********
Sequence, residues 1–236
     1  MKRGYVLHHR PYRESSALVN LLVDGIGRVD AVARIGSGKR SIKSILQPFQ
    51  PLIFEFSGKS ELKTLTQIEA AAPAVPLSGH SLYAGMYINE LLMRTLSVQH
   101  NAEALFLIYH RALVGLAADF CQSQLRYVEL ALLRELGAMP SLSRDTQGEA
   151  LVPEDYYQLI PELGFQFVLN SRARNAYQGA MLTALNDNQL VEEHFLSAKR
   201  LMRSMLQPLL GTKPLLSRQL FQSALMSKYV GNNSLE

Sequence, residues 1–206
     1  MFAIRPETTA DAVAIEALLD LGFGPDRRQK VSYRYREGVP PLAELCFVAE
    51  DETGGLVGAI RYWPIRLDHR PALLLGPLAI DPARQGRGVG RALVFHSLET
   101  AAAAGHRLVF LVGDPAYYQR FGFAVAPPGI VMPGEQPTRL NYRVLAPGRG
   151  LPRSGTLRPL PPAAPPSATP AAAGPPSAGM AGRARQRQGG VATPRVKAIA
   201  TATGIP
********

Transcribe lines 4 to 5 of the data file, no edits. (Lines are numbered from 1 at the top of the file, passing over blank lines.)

   101  NAEALFLIYH RALVGLAADF CQSQLRYVEL ALLRELGAMP SLSRDTQGEA
   151  LVPEDYYQLI PELGFQFVLN SRARNAYQGA MLTALNDNQL VEEHFLSAKR